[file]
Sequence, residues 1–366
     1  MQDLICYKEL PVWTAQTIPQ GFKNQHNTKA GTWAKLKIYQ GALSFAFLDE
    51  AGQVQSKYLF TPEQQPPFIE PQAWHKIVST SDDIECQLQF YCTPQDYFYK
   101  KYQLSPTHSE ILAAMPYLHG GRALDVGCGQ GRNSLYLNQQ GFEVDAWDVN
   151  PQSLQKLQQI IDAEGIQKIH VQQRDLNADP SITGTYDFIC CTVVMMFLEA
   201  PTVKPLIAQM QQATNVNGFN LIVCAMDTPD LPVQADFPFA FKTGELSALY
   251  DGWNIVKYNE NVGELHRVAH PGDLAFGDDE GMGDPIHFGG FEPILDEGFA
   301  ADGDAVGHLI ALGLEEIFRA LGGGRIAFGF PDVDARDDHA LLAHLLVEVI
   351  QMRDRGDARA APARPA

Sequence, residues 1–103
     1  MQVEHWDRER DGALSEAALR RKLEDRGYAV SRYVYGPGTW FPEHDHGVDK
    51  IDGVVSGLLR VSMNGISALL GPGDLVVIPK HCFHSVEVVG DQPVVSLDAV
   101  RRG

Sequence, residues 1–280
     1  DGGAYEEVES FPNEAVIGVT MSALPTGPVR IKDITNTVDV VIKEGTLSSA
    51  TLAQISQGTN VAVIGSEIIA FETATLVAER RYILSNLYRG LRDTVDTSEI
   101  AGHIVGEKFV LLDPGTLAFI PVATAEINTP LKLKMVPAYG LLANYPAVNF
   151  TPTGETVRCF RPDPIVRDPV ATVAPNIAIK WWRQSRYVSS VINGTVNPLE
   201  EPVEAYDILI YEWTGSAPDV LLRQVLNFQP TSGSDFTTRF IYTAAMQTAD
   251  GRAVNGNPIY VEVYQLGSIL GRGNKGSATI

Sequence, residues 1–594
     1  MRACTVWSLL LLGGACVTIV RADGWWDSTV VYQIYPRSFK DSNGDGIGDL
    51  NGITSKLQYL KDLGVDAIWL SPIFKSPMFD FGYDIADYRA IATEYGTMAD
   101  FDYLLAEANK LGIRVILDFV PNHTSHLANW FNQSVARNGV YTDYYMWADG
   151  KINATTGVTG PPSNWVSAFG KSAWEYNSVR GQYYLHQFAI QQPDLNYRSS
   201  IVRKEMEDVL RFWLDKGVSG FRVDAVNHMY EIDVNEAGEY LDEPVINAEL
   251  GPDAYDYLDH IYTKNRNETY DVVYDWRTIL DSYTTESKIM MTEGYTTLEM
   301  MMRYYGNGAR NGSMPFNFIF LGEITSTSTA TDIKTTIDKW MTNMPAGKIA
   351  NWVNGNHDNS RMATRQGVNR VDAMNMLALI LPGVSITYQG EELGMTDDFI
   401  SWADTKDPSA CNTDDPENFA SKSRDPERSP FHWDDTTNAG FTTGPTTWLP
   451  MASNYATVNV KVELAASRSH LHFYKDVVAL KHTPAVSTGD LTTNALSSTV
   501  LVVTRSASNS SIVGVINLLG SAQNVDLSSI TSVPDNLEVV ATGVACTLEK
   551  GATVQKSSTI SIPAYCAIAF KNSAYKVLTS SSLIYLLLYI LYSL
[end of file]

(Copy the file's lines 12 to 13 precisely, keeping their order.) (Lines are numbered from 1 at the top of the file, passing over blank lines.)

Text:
    51  IDGVVSGLLR VSMNGISALL GPGDLVVIPK HCFHSVEVVG DQPVVSLDAV
   101  RRG